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Making Sense of Sex Trafficking Laws

Understanding sex trafficking laws in Massachusetts and what an experienced legal defense team can do to defend you 

Sex trafficking is defined as “the recruitment, harboring, transportation, provision, obtaining, patronizing, or soliciting of a person for the purpose of a commercial sex act, in which the commercial sex act is induced by force, fraud, or coercion, or in which the person induced to perform such act has not attained 18 years of age.” (1) In keeping with its definition, sex trafficking laws are broad, allowing charges to be brought against any person accused of trafficking or benefitting from a person who has been trafficked in some way. There is ample room for prosecution of sex trafficking crimes, including, as the definition suggests, in cases involving patronizing or solicitation.

If you have been accused of or formally charged with a sex trafficking charge, it is imperative to have proper legal representation on your side. An experienced attorney can explain to you the nuances of the law and skillfully maneuver through the legal system. If you or a loved one needs fearless representation, reach out to the Law Offices of Keren Goldenberg for a free consultation. You can get in touch via our online contact form or by phone: 978-221-2503 (Lowell), 617-431-2701 (Belmont).

Understanding sex trafficking laws: Federal and State

Sweeping sex trafficking laws serve to punish knowing or unknowing offenders at any level of a trafficking operation. Paired with policy efforts to support victims and criminalize certain types of sex work, trafficking laws have a secondary function of providing tools and opportunities for law enforcement to investigate and prosecute prostitution and other criminalized sexual activities, as well as incentives for sex workers to claim to be victims of sex trafficking, whether true or not.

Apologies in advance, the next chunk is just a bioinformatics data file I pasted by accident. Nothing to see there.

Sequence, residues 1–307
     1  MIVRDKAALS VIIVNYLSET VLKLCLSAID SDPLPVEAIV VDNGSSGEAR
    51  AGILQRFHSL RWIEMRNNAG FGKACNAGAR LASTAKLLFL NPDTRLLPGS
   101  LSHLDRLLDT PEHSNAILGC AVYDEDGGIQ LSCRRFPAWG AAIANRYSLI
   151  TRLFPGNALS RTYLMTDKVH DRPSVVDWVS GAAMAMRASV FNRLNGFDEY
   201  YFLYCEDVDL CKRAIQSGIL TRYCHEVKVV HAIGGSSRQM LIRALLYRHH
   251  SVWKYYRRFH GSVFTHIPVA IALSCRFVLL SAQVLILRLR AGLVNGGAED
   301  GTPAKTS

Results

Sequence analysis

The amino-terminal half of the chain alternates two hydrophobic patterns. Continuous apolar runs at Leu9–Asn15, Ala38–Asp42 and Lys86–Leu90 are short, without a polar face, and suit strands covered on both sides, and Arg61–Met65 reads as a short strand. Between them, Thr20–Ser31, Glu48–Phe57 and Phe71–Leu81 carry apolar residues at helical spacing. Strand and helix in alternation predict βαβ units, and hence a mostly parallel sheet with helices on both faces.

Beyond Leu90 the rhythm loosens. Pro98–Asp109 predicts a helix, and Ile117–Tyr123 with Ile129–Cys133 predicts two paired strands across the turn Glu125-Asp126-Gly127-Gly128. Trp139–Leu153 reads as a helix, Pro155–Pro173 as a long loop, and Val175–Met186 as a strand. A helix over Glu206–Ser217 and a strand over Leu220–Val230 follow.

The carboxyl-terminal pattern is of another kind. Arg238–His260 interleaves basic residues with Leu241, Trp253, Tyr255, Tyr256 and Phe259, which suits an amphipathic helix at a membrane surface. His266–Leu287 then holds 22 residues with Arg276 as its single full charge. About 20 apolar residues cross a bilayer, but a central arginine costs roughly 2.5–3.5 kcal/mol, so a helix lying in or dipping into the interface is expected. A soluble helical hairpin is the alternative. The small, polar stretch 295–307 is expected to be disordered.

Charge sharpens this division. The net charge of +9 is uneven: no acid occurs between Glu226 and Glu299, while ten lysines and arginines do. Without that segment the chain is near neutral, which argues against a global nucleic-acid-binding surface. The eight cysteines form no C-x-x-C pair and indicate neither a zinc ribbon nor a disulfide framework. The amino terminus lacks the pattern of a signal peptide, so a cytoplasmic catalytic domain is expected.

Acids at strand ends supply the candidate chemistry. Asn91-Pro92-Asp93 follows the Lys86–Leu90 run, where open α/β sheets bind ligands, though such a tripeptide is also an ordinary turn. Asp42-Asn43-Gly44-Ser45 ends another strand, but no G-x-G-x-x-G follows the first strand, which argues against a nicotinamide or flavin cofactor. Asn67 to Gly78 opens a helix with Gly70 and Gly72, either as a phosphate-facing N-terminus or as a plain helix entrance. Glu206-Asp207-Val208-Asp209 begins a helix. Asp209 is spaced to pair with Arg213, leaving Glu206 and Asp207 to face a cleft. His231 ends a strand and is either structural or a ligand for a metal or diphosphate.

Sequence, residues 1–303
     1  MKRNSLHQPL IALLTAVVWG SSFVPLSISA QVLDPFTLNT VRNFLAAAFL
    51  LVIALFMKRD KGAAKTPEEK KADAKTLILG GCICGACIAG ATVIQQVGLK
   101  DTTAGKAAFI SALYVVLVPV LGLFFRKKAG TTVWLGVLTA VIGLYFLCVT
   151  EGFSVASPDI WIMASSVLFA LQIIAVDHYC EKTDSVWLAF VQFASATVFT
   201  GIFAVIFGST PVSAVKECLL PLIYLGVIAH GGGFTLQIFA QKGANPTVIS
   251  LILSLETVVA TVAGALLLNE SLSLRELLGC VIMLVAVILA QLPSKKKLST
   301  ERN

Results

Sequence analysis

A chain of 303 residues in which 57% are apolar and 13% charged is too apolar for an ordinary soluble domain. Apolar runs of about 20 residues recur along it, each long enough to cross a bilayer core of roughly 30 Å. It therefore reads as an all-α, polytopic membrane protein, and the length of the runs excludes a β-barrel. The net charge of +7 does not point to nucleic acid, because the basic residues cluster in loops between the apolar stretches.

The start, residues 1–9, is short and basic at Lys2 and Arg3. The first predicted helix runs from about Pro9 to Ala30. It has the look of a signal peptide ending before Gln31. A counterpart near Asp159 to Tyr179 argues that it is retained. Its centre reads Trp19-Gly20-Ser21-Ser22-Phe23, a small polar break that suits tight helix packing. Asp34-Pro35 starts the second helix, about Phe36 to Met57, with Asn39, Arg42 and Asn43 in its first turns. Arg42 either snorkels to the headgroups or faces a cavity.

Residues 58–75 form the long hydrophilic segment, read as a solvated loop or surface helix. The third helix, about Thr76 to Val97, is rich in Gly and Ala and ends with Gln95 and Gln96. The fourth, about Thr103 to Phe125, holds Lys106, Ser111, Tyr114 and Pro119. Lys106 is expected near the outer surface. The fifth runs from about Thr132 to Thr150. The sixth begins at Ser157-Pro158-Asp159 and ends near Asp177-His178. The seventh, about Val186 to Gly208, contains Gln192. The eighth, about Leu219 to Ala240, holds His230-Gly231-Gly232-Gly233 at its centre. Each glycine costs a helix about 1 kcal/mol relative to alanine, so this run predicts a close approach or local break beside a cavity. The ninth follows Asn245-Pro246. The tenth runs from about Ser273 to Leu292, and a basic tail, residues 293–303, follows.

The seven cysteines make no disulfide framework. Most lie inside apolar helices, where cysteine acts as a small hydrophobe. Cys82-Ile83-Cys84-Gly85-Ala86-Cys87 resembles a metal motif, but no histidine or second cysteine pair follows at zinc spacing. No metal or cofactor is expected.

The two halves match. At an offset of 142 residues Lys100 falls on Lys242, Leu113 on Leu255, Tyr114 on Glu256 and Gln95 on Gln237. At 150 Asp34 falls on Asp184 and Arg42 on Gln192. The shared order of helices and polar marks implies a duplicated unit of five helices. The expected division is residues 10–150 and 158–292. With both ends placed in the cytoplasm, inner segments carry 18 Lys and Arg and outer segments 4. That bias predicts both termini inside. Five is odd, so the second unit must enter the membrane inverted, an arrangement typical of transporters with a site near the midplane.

Sex trafficking is a felony crime and is criminalized at the federal level and by every state. The Trafficking Victims Protection Act (TVPA) was the first comprehensive federal law enacted to address human trafficking in October 2000. (2) Sex trafficking was later criminalized in Massachusetts in 2011 under Chapter 265, Section 50 of Massachusetts state law. (3) The TVPA (and similar laws at the state level) focus partially on strengthening the ability of federal agencies to prosecute and punish those found to be in violation of trafficking laws. 

What’s at risk: The penalties of a sex trafficking conviction

At the state level, sex trafficking crimes are punished with prison sentences of 5 to 20 years with no option for probation, parole, or a reduced sentence of less than the minimum 5 years. Those found to be offenders of sex trafficking laws are also required to register before the Massachusetts Sex Offender Registry Board (SORB), the implications of which can have wide impacts on an individual’s future.

While prosecution is strict in every case involving sex trafficking, certain state trafficking laws, including the laws governing Massachusetts, guarantee more severe penalties for trafficking involving certain vulnerable populations such as children under 18 years of age. 

Collaboration between federal, state, and local law enforcement to prosecute sex trafficking crimes is common and prosecutors and district attorneys are aggressive in prosecuting these cases. This is why finding a strong defense attorney to defend your case is so essential. 

An accusation doesn’t have to ruin your life

Sex trafficking cases, from the prosecution standpoint, often rely heavily on victim testimony. Cases related to sex trafficking laws are also rarely dropped. (2) While much focus is on finding help for victims, it can be challenging to search for legal defense options as a person accused of sex trafficking.

If you are charged with or under investigation for violating sex trafficking laws, you should talk to a criminal defense attorney today. Since the laws are so broad and prosecution so aggressive, you need an experienced attorney to navigate sex trafficking charges within the criminal justice system. Contact Keren Goldenberg today and give your defense a fighting chance. 

The Law Offices of Keren Goldenberg are conveniently located in Lowell and Belmont, Massachusetts at the following locations:

The Law Offices of Keren Goldenberg

97 Central St. #403

Lowell, MA 01852

978-221-2503

The Law Offices of Keren Goldenberg

19A Alexander Ave.

Belmont, MA 02478

617-431-2701

 

Sources:

  1. U.S. Department of Health & Human Services
  2. Prosecuting Human Trafficking Cases: Lessons Learned and Promising Practices
  3. MA Legislature
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